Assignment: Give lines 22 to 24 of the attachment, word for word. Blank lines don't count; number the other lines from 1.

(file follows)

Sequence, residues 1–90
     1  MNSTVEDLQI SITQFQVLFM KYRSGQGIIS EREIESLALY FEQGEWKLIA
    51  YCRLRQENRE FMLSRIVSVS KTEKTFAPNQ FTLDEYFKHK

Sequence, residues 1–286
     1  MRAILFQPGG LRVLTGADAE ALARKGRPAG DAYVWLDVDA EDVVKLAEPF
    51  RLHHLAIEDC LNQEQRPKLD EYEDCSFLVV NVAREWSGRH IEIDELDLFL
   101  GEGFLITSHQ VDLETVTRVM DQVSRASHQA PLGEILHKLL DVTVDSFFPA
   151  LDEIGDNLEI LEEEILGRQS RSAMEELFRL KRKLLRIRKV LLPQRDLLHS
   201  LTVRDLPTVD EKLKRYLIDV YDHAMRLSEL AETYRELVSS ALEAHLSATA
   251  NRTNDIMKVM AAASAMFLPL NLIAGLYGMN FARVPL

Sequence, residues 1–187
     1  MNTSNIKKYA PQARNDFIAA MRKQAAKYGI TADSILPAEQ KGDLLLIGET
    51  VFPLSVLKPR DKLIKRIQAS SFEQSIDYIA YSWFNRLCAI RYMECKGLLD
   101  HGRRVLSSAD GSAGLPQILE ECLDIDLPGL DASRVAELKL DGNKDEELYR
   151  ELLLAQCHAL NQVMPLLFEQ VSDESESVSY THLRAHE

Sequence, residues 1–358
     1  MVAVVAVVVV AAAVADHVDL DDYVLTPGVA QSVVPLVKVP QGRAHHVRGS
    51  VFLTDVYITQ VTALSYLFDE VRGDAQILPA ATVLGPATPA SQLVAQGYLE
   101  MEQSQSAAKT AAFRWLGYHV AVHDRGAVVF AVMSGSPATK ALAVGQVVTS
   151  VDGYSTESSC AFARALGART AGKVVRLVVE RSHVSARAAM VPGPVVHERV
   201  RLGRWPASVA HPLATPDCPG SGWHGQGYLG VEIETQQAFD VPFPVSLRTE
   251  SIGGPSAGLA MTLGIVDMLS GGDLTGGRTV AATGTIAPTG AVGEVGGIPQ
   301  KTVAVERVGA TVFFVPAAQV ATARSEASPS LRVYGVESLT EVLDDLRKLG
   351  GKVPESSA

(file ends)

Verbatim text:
   251  SIGGPSAGLA MTLGIVDMLS GGDLTGGRTV AATGTIAPTG AVGEVGGIPQ
   301  KTVAVERVGA TVFFVPAAQV ATARSEASPS LRVYGVESLT EVLDDLRKLG
   351  GKVPESSA